out of the ordinary.
Think Franz Kafka and his Metamorphosis. Yeong-Hye stops eating meat and soon imagines herself one with the plant world, needing only sunlight. But her body remains the same, a human body needing food, even if meat-free.
I am not sure if this is a psychological study of extreme delusion or a study of a woman reacting to the strictures of a patriarchal world and a society with strict laws, especially when it comes to women's status. It could be both.
The story is told from three points of view - that of Yeong-Hye, of her brother-in-law who becomes obsessed with her, and of her older sister, the supposedly responsible, sane sister in the family.
It's a bit disturbing, this story, but with lots to ponder.
Before my wife turned vegetarian, I'd had always thought of her as completely unremarkable in every way. To be frank, the first time I met her I wasn't even attracted to her. Middling height, bobbed hair neither long nor short; jaundiced, sickly-looking skin, somewhat prominent cheekbones; her timid, sallow cheekbones told me all I needed to know. As she came up to the table where I was waiting, I couldn't help but notice her shoes - the plainest black shoes imaginable. And that walk of hers - neither fast nor slow, striding nor mincing.
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I am, like some of the other reviewers, ambivalent about the direction the main character headed. Alvie was a scattered young woman asked by her identical twin sister to fly to Sicily to switch places with her for a few hours.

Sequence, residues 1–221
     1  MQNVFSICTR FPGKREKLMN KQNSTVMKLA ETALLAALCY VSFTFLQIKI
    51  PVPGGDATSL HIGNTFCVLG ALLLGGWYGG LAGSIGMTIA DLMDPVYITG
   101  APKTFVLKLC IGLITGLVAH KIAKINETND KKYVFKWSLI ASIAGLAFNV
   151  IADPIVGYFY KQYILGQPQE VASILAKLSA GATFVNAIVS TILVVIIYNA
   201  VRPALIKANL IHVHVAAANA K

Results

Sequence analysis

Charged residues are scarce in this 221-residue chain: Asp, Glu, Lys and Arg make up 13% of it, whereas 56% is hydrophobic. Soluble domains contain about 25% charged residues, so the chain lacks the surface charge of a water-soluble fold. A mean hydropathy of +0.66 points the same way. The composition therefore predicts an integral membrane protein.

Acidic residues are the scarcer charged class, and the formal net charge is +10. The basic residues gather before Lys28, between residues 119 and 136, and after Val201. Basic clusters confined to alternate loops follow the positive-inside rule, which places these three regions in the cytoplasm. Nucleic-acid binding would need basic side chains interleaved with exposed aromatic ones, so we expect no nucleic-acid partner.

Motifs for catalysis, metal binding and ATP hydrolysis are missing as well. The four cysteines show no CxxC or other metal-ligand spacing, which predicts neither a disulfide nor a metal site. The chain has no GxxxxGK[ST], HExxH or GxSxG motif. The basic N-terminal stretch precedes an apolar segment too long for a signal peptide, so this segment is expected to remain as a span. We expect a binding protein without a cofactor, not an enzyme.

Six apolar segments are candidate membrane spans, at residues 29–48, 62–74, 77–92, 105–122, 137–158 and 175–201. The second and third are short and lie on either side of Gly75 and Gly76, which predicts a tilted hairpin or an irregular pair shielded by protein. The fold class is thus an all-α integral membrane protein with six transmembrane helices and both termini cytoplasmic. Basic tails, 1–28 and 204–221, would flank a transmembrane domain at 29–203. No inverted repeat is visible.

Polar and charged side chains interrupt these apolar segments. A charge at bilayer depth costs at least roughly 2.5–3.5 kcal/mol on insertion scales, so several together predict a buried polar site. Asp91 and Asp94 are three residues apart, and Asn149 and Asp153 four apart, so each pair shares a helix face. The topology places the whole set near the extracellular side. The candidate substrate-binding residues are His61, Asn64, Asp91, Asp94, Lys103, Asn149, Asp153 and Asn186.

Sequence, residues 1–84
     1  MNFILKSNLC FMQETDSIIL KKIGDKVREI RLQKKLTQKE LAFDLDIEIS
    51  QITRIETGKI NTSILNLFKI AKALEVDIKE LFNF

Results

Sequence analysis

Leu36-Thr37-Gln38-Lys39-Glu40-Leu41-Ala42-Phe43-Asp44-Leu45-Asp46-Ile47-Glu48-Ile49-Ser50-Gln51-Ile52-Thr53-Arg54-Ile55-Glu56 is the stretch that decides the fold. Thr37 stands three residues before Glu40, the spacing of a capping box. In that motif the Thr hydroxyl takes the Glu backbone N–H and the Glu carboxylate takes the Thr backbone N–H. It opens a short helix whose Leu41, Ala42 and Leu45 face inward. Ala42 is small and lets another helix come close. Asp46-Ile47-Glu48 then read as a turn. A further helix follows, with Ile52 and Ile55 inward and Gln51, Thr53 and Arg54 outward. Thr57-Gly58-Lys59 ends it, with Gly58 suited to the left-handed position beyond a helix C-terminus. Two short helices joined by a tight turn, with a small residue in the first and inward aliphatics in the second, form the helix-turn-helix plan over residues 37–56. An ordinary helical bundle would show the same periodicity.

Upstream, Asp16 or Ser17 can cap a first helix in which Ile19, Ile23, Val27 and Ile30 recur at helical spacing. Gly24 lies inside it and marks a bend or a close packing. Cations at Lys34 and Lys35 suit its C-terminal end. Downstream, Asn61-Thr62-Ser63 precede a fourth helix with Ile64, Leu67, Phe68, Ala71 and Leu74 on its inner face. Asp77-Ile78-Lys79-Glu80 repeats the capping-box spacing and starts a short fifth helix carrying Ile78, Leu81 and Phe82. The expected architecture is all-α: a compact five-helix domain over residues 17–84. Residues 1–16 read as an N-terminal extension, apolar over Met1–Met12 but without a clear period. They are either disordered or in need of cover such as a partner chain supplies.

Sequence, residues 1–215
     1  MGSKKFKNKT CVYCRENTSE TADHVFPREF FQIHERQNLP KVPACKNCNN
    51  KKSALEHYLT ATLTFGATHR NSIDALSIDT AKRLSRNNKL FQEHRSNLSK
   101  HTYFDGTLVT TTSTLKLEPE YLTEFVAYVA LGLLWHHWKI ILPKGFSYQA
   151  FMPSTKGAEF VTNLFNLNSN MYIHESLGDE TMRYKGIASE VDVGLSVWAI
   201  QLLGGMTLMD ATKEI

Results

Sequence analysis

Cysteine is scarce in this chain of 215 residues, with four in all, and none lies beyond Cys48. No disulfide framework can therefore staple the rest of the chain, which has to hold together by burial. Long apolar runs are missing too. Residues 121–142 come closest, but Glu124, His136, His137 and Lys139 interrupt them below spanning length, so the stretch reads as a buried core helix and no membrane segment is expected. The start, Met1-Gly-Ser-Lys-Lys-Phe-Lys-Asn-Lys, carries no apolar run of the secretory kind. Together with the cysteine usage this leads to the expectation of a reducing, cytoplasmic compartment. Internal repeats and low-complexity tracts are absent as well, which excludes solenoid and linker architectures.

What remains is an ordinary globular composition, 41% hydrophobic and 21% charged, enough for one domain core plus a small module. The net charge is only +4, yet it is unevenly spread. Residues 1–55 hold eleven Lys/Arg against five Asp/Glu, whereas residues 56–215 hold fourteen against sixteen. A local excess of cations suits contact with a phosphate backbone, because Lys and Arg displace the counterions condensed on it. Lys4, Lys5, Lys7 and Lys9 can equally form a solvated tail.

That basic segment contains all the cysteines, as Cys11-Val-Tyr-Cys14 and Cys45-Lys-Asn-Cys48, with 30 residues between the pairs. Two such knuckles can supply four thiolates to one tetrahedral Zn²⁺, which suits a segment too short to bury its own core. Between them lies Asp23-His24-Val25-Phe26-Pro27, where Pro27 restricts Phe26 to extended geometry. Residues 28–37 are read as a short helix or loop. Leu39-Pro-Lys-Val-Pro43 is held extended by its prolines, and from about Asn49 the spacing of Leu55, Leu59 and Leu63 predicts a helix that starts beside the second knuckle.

I was surprised at the turn in the character in the story in the second half of the book. Her sister Beth acts strangely about the identity swap, and things go awry quickly. This is the first in a trilogy, so I'm wondering where the story will go from here. Alvie/Beth is probably not going to be everyone's idea of a perfect protagonist, though she certainly is an interestingly"mad" one.
Please stop ignoring me. I know you received my last two emails because I put that recipient-tracker thing on, so you can stop pretending. Despite being at risk of repeating myself, I would like to invite you, yet again, to come and stay with us at our villa in Taormina. You would LOVE it here: 16th century, original features, the smell of frangipani in the air. The sun shines every single day. There is a pool to die for....Meme: visit Book Beginning at Rose City Reader.